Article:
IBM Is One Of My Top Technology Picks For 2016
In 2016, IBM's (NYSE:IBM) shares are due for a re-rating - investors will start to value the company as an emerging software leader rather than a legacy hardware player.
Like SAP AG (NYSE:SAP) and Oracle (NYSE:ORCL), many of IBM's legacy businesses - especially Enterprise Resource Planning systems - are struggling to adapt to a world moving rapidly to cloud-based services. The company is at the final stages of a difficult transition, but most of the bad news around this transition is now in the price of IBM's shares.
Thematically, IBM Will Soon Be Firing On All The Right Cylinders
Whilst revenues continued to decline in 2015 by 9% (or 1% after stripping out forex), IBM's investment in a host of next-generation technology platforms is set to pay off handsomely in 2016.
"Strategic Imperatives" revenue - which accounted for 13% of its total revenue in 2009 - now makes up 35% of total revenue and grew 17% in 2015. This division, in my view, is set to beat analyst expectations in 2016.
Moreover, the advanced technologies in which IBM has chosen to invest - Big Data, the cloud, cybersecurity, artificial intelligence, blockchain technology and the Internet of Things - are exactly the right ones.
Listed below are some of the themes in which IBM will likely show leadership over the next two years. Many are advanced next-generation technologies where first-mover advantage and scale will help generate supernormal profits.
The "Industrial Internet" is one of the five market segments that fall under the umbrella term, the "Internet of Things". The other four are wearable technology, ambient commerce, the automated home and the autonomous vehicle.
Whereas Apple (NASDAQ:AAPL), Alibaba (NYSE:BABA), Amazon (NASDAQ:AMZN) and Google (NASDAQ:GOOG) (NASDAQ:GOOGL) are focusing on the Consumer Internet, IBM is at the forefront of the Industrial Internet. Standards for the Internet of Things have not yet been set, so it is difficult to choose winners. But IBM - together with Cisco (NASDAQ:CSCO) and GE (NYSE:GE) - has become one of the most influential players in the standard setting process.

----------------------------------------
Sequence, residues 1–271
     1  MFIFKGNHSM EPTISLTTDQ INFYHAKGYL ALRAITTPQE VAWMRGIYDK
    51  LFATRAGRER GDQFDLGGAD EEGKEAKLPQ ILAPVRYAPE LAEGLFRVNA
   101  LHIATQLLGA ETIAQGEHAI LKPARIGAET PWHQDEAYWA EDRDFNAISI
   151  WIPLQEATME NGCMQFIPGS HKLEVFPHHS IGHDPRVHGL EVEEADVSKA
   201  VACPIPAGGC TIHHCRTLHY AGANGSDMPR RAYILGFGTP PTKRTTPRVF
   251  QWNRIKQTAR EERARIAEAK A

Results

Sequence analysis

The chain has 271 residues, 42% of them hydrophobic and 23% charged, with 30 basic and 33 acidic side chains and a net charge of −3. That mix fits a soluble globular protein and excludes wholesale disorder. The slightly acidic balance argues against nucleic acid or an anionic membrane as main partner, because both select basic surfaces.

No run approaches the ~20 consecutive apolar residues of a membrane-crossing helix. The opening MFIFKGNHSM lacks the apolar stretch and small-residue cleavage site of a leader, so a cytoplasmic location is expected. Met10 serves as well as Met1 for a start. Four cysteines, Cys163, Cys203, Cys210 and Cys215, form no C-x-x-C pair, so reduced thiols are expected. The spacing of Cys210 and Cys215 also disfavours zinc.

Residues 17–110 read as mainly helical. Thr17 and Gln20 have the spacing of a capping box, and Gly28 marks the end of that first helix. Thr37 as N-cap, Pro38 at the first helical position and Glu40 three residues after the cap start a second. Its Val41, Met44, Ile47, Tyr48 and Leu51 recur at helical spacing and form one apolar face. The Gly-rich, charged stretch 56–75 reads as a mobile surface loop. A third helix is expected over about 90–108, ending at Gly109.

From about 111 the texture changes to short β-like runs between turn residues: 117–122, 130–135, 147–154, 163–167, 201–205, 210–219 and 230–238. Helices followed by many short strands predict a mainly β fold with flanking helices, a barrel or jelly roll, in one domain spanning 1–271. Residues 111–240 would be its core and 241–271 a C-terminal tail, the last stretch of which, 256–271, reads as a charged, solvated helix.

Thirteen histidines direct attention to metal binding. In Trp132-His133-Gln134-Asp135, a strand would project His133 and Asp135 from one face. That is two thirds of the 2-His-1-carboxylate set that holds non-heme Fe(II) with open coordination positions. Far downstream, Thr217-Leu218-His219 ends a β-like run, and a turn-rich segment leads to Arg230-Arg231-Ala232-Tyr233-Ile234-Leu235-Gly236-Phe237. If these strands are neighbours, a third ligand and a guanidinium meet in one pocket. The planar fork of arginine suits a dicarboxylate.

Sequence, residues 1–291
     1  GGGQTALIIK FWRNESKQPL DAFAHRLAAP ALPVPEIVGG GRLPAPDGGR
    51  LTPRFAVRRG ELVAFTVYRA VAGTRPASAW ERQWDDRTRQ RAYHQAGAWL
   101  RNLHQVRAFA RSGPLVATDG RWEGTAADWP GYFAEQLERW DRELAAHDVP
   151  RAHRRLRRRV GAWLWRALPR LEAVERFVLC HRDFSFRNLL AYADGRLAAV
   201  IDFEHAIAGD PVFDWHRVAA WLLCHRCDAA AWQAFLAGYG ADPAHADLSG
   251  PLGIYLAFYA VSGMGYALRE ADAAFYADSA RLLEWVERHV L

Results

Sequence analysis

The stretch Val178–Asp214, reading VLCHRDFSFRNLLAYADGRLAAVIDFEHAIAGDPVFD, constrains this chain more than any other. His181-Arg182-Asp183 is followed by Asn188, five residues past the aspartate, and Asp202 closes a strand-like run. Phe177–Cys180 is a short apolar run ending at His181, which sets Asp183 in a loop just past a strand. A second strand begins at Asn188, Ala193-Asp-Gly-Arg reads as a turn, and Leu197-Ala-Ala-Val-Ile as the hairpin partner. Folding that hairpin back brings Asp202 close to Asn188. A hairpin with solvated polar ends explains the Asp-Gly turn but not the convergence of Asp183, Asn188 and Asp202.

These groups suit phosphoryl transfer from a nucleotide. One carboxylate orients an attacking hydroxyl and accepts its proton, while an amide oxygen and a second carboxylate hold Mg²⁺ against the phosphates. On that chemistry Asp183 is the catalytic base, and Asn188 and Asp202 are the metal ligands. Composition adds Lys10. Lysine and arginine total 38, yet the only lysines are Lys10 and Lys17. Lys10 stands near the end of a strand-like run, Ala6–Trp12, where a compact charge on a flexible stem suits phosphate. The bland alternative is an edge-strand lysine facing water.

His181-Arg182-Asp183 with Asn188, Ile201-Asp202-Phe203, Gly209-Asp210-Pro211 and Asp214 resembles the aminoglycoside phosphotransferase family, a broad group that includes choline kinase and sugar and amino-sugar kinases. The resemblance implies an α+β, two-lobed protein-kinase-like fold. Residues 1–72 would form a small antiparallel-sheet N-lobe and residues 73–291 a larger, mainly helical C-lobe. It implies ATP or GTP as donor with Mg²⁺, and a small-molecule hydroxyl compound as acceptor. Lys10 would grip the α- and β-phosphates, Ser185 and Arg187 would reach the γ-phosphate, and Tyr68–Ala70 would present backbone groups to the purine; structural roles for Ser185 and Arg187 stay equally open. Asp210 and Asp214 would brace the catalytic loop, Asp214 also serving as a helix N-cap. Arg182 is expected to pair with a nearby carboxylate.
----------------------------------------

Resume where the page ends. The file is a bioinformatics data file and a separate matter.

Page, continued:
The value chain for the Industrial Internet can be split into four layers:
- The chip layer (microprocessors and sensors that collect data);
- the connectivity layer (edge devices such as routers and gateways that act as the first point of entry into a data network);
- the data layer (data analytics, cloud infrastructure, data security, networking and storage); and
- the control layer (industrial applications and operating systems).
IBM is a leader in the "data" and "control" layers for the Industrial Internet. Its closest competitor in the control layer is General Electric. In 2016, investors will hear more about IBM's Adept platform for the Industrial Internet. Adept is being co-developed with Samsung (OTC:SSNLF) and incorporates IBM's cloud infrastructure, Big Data analytics, artificial intelligence, cybersecurity and blockchain technologies.
The next generation of advanced technologies require artificial intelligence to enhance their performance. AI will become the "mother of all software" and those that own the leading AI platforms will have tremendous competitive advantage.
The value chain for artificial intelligence technologies can be split into five segments:
- Expert systems (e.g. smart grids);
- autonomous robots (e.g. delivery drones);
- virtual office assistants (e.g. Apple Siri);
- embedded systems (e.g. the Oculus Rift virtual reality headset); and
- neurocomputers (e.g. IBM's Watson "cognitive" supercomputer).
IBM is a leader in the "expert systems" and "neurocomputer" segments. But it is also investing in the other three AI segments.
Watson is now an evolving cloud-based platform for all-comers to tap into "always-on" intelligence via phones, laptops, data servers. Watson understands natural language and can work, therefore with unstructured data as well as pictures and can deal with hundreds of "AI" instances at once spread across a Cloud of open-standard servers. It has gone "live" at, among other places, Memorial Sloan Kettering Cancer Center where it helps clinicians suggest treatments.